I stumbled on this when skimming through YCombinator on a lazy Sunday afternoon.  The link above pointed to an article on BoingBoing called "Color for the Colorblind".  I read it and was fascinated.  The article describes sunglasses from a company called EnChroma that promises to correct colorblindness while you are wearing them.  Wow.

First you take a test on their website to determine what kind of colorblindness you have and how bad it is.  The test results told me I was a "strong duotan", and I had no idea initially what that meant.  A little research told me that they were telling me what I already knew: I was red-green colorblind, and I had it bad.
Damned If I Can See Anything but a Bunch of Dots
Then I got to this video on the Press section of their site.  At around 45 seconds into it, I started to cry.
...there is always an "aha" moment.  When they'll turn and look at something and say... "Is that flower... violet?" And they've never seen violet before...
Neither had I.

I pulled myself together, went downstairs, and asked My Lovely Wife to bring up first this video called No Such Thing as Color.  It starts with a guy looking at different houses and trying to guess what color they are.  Thing is, I can't tell if he is getting them right or wrong.  I'm guessing he gets a bunch of them wrong, or he wouldn't be colorblind.

 Skip The Last Half - It Gets Pretty Lame

Then I asked My Lovely Wife to watch the EnChroma video.  At around 45 seconds in, I started crying again.  I think she thought I was laughing until she turned around and saw the tears in my eyes.  I desparately wanted to see violet too.

I put in my order to EnChroma later that night for a pair of EnChroma Cx Receptors.  These are designed to fit over top of my prescription glasses, without which I see nothing but a blur.  The three to five business day wait for shipping turned into three weeks.  Seems a lot of other people had read that same BoingBoing article and wanted to see violet as well.  Oh well.  I had been colorblind all my life.  I could wait a few more weeks.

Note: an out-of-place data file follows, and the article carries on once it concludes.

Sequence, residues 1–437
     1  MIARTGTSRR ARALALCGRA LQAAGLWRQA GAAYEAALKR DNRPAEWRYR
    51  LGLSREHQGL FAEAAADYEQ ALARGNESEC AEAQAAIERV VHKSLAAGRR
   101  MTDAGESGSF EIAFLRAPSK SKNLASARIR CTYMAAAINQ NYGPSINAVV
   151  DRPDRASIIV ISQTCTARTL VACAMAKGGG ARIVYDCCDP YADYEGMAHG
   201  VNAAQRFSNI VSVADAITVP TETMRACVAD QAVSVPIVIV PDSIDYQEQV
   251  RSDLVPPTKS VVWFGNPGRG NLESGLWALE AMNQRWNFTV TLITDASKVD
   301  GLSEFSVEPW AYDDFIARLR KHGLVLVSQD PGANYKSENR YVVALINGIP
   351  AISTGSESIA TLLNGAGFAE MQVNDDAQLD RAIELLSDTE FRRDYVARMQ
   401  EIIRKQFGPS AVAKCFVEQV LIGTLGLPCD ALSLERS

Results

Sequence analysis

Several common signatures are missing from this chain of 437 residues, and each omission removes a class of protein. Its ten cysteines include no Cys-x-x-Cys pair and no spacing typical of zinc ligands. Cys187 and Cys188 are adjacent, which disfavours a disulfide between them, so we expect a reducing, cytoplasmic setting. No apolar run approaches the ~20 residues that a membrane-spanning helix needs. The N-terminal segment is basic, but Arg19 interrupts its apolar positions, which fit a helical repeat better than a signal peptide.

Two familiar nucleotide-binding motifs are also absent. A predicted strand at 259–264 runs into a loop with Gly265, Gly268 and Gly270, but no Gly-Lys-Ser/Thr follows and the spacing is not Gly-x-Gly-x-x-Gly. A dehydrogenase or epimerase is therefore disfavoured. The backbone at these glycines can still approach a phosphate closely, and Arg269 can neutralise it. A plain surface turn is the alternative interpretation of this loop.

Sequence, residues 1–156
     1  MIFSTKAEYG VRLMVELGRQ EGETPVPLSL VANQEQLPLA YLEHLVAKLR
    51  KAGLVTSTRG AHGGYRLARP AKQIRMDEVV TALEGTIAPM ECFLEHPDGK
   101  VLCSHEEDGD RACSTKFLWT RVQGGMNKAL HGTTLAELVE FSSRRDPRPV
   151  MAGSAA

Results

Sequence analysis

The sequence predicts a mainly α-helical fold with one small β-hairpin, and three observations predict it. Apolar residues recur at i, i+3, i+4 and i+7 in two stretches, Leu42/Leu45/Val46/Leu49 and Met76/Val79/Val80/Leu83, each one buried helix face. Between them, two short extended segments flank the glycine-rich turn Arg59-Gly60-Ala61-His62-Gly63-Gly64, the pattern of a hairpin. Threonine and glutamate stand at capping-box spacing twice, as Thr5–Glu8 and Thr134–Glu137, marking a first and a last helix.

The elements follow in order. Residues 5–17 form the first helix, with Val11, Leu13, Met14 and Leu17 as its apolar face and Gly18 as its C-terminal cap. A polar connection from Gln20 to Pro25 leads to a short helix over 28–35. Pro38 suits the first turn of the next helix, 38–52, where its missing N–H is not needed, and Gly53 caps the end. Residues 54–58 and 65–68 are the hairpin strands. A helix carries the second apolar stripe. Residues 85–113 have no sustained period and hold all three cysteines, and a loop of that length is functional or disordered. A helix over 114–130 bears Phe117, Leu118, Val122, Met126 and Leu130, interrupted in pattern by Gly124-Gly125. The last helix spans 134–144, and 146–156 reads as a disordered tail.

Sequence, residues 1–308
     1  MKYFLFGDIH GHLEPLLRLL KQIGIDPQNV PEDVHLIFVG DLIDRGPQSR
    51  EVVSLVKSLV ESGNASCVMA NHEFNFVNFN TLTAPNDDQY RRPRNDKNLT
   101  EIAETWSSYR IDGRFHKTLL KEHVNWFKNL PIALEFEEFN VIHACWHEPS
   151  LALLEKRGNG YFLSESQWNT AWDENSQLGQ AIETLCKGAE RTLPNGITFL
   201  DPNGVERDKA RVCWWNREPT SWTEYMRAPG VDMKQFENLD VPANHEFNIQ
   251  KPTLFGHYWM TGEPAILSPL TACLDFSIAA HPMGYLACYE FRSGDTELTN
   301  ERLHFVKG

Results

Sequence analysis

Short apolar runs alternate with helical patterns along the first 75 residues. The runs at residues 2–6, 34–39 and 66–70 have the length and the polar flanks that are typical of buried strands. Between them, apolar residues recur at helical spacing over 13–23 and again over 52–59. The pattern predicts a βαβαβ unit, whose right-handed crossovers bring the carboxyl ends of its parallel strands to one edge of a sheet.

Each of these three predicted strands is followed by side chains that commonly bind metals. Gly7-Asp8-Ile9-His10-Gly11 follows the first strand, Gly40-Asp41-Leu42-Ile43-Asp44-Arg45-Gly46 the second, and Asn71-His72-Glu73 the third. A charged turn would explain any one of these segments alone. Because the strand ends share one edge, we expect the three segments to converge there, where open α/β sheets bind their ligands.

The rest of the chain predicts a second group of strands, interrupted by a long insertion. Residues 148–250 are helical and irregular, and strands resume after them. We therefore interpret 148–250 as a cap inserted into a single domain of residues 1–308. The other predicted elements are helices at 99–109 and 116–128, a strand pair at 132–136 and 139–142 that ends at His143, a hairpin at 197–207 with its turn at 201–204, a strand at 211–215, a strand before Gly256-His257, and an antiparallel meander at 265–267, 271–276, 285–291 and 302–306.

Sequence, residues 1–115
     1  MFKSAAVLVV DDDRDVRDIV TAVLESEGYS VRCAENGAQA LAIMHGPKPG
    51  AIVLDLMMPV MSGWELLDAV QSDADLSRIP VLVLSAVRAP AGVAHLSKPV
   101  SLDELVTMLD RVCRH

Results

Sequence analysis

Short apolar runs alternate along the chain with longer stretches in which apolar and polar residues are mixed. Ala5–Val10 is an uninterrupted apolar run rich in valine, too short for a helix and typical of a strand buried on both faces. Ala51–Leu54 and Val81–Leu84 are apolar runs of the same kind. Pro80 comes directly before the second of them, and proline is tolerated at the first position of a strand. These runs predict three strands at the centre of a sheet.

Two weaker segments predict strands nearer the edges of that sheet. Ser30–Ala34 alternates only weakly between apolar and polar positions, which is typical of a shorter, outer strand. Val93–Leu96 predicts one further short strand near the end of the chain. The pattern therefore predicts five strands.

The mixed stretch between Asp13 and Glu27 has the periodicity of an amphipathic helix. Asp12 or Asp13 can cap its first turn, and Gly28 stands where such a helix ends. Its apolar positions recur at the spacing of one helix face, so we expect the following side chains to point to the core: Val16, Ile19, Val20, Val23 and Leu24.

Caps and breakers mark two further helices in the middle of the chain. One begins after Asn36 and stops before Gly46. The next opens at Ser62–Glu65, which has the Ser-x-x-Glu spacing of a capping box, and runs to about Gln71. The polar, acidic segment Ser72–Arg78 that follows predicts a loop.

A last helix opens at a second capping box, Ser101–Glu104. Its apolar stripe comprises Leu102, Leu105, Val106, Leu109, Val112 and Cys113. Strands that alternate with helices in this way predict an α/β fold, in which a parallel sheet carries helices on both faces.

As I waited for my order to arrive, I didn't tell anyone besides My Lovely Wife, My Wonderful Mom, and My Cool Sister.  I had to tell somebody, but I didn't want to spread the news around too much; I wasn't sure if these things were going to work in the first place.  I did drop the odd hint though, like changing my Facebook profile picture.
I kept a close eye on my UPS tracking number as my precious shipment wound it's way up from California to my home in the Great White North.  When the happy day arrived, I went to the courier to pick them up and got a little more than I bargained for, to the tune of...
  • $20.77 in customs fees
  • $21.81 in taxes
  • $64.60 in UPS brokerage fees (!).  No wonder there have been several class action lawsuits filed against UPS for shipments into Canada.  This is exhorbitant.
Now none of these are Enchroma's fault.  Fees and taxes are inescapable, but I do wish they would offer to ship by US Postal Service to minimize shipping costs to non-US residents.

Anyhoo, they say the glasses work best on a bright sunny day.  I got home late on Friday so decided to wait until Saturday to try them out.  The weather on Saturday was crap so I grudgingly pushed the first try to Sunday.  The crappy weather continued, and it wasn't until we got a small break in the crappiness on Tuesday (with the forecast for extreme crappiness in the days following) that I decided to finally give them a shot.

I wanted to try them first in our backyard.  It has a big flowerbed in the back with several different plants in bloom.  Our backyard also faces a river with farmers fields beyond that, making for quite a sight, colorblind or not.  I also had my wife but on her blouse that she tells me is purple.  I wanted to see violet, after all.